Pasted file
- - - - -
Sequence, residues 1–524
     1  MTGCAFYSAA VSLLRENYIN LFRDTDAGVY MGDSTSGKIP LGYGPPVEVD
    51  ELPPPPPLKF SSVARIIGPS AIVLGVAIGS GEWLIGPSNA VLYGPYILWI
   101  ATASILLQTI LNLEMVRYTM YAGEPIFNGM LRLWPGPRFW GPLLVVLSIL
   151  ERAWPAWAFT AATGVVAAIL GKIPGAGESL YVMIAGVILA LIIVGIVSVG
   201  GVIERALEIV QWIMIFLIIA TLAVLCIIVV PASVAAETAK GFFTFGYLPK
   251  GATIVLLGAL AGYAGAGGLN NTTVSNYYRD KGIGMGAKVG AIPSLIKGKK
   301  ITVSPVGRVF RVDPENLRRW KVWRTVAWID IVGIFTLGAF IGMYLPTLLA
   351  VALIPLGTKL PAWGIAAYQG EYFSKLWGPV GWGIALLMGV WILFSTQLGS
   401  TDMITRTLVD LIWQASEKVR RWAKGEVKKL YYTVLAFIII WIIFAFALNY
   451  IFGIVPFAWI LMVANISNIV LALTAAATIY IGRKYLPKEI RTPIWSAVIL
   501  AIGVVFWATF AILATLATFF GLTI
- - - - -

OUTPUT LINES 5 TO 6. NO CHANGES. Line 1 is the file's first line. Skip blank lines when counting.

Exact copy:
   151  ERAWPAWAFT AATGVVAAIL GKIPGAGESL YVMIAGVILA LIIVGIVSVG
   201  GVIERALEIV QWIMIFLIIA TLAVLCIIVV PASVAAETAK GFFTFGYLPK